Olympe de Gouges’ themes evolved into what would today be called classical feminist. Mental and bodily integrity, political rights, education, criticism of the sexual double standard. The situation for workers and marginalized groups, the elderly, children like herself born outside of marriage. Reforms concerning equal rights for men and women to divorce, and rights for children born out of wedlock, were accepted by the Convention. The proposal for a voluntary progressive tax became a reform which was accepted early on by the National Assembly. The French Socialist Party’s Ségolène Royal embracement of Olympe de Gouges in her book Cette belle idée du courage from 2013 should come as no surprise.
Indeed, de Gouges’ work of plays, philosophical theses, manifest and debating essays may be the first to show how the personal and the political are connected. She revealed the oblique and circumscribed conditions of citizenship, shaped tabooed issues, and widened her feminism by criticizing the French slave trade; already in 1784 Olympe de Gouges created her critical play L’Esclavage. With typical audacity, she attacked the justifying references to nature and ’the animals,’ pointing out the actual guilty party of the slave trade: the colonists and their economic interests.
Especially the last-mentioned made de Gouges into a target for sabotage, slander, and intrigues. The commentaries about her as a playwright at the national theatre Comédie Française, were sarcastic and condescending; as one critic argued: To write good dramas a beard on the chin is required. In addition to women’s rights and the criticism of slavery in de Gouges literary oeuvres, there was the most provoking theme for her contemporaries: the abhorrence of violence. During the Revolution, Olympe de Gouges is the only person in the female category who, in print, criticized the exaggerated violence and death penalties.
And this, too, when enemies were affected: ‘Even the blood of the guilty befouls for ever the Revolution when it is effused profusely and cruelly,’ she wrote. In the beginning, and like most of the leading revolutionaries, including the women, since their only political status was as royal subjects, Olympe de Gouges favoured a constitutional monarchy. However, she was soon radicalised into giving her support to the Republic. But, she contended, the right to upheaval, proclaimed in the sensational Declaration of Human Rights (1789), does not acquit one from the duty to act with compassion: to sustainably transform the king into an equal, let the king survive the abdication.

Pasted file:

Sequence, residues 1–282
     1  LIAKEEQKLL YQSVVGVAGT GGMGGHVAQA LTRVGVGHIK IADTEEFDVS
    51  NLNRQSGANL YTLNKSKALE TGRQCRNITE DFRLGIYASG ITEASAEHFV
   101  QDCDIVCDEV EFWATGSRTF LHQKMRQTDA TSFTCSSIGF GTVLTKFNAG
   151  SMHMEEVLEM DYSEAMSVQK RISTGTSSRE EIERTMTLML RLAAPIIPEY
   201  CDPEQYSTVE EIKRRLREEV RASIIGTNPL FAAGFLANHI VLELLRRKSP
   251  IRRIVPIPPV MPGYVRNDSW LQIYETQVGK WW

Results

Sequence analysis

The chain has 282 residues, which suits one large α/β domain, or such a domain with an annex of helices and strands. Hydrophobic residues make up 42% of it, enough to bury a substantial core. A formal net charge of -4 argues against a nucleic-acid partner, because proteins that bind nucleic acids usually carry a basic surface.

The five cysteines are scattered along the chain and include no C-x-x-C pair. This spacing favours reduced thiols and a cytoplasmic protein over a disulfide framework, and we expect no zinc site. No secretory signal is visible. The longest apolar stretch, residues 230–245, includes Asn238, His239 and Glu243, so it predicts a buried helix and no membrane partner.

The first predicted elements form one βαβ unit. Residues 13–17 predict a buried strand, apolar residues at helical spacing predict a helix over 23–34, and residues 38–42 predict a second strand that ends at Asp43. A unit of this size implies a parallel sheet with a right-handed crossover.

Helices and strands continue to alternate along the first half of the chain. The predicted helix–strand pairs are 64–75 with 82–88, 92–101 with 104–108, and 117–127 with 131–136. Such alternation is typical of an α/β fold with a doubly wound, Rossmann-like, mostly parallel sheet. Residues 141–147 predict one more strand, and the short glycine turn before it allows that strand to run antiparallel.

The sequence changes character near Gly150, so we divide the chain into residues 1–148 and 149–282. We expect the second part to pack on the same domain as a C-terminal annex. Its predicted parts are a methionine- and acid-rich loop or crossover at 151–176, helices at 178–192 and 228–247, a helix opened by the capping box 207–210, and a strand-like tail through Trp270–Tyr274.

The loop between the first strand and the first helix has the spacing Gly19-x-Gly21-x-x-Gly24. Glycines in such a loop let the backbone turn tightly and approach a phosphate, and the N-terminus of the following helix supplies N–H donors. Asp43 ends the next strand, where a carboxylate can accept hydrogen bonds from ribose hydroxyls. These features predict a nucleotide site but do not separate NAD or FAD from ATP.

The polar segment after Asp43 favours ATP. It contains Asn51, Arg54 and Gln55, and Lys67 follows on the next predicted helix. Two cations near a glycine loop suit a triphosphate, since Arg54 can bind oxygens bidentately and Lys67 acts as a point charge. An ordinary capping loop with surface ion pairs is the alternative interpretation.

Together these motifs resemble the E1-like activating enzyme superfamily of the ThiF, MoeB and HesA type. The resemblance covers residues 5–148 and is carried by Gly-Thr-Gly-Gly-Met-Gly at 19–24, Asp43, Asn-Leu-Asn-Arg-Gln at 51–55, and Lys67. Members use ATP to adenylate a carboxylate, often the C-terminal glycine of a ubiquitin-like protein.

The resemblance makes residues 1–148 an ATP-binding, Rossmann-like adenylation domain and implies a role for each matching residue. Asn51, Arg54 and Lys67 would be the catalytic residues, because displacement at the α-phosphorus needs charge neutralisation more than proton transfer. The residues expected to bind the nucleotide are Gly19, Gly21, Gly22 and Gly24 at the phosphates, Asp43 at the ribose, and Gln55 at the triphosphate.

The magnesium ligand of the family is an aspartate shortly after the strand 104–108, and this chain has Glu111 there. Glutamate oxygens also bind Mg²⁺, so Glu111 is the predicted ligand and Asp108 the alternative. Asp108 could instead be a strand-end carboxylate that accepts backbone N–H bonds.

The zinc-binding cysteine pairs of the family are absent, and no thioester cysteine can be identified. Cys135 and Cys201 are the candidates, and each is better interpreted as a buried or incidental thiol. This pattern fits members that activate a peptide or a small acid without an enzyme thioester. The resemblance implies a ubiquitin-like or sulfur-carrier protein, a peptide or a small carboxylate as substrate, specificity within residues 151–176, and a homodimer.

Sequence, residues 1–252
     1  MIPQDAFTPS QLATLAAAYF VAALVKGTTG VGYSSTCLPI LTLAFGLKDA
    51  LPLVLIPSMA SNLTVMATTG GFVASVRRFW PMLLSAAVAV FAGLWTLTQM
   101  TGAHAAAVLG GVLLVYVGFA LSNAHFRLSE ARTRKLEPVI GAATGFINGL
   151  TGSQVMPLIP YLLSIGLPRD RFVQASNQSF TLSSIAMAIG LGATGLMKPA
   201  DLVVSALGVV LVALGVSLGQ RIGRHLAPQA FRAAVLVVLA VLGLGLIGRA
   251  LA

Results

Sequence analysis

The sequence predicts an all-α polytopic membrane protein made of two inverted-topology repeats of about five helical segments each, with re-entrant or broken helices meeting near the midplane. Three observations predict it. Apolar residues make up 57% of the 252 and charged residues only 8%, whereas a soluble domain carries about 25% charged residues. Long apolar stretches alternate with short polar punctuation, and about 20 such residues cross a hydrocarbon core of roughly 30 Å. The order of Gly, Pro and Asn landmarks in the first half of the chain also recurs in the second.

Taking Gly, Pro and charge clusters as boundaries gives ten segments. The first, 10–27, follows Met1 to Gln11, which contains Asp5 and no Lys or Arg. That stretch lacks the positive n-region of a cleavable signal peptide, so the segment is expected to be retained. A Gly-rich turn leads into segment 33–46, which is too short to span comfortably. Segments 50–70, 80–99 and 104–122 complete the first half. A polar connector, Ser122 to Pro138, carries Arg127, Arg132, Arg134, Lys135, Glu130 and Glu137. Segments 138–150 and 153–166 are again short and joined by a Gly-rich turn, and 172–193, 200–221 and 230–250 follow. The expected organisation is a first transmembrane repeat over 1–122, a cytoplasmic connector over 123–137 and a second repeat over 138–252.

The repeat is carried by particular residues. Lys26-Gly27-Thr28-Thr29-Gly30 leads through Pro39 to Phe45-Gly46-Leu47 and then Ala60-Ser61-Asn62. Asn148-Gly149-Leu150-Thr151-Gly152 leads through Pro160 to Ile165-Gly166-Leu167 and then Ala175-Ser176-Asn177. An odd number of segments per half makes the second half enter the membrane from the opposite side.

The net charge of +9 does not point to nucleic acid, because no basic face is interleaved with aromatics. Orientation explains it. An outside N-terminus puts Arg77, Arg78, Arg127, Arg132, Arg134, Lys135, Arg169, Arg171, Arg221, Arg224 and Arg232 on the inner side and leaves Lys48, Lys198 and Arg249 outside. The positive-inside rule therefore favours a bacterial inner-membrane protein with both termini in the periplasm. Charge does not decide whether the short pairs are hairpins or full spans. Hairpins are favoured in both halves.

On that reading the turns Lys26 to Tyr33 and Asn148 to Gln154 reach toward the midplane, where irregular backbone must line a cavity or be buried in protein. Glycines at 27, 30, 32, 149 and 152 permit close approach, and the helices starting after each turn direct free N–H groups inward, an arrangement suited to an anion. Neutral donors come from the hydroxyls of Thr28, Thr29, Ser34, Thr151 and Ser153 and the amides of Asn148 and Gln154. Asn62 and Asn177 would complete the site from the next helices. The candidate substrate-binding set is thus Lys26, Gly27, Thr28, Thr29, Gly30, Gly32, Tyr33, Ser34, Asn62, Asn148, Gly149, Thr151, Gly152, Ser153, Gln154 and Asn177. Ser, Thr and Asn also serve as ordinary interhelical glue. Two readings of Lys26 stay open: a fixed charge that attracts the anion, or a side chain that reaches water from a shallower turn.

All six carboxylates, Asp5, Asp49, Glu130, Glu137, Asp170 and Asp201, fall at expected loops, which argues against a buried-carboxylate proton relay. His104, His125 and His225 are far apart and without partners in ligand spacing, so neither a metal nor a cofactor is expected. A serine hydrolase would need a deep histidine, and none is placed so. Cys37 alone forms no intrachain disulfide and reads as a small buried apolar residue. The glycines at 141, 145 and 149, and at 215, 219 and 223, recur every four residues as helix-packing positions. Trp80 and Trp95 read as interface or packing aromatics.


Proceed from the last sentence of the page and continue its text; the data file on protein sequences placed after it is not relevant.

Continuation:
When reporting on other people escalated, Olympe de Gouges proposed verbal duels as a means to solve interior conflicts and exhorted – to no avail – her revolutionary colleagues to meet her in literary duels. In the National Convention, the deputies responded by satirising de Gouges ‘revolution with rose Water.’ One of them admitted that there was more than one way to freedom, also the one ‘sprinkled with roses’. De Gouges replied that she for one, and for the sake of the Republic, had the courage to throw herself in the Seine with her feet tied to a set of cannon balls – on condition that Robespierre followed suit.
A partly prophetic suggestion. Not long after, in the summer of 1793, de Gouges was arrested for having protested the death penalty, criticized the government, by suggesting a national referendum, and for challenging the female gender role. When terror politics was voted for as a law in the Convention, and Robespierre had reached full power, she, in smuggled-out pamphlets, accused the male rule of making itself guilty of contra-revolution: ‘Is not freedom of speech and freedom of the press humanity’s most precious inheritance, treasured in article VII in the Constitution? Your random acts and cynical enormities ought to be condemned by the entire world.’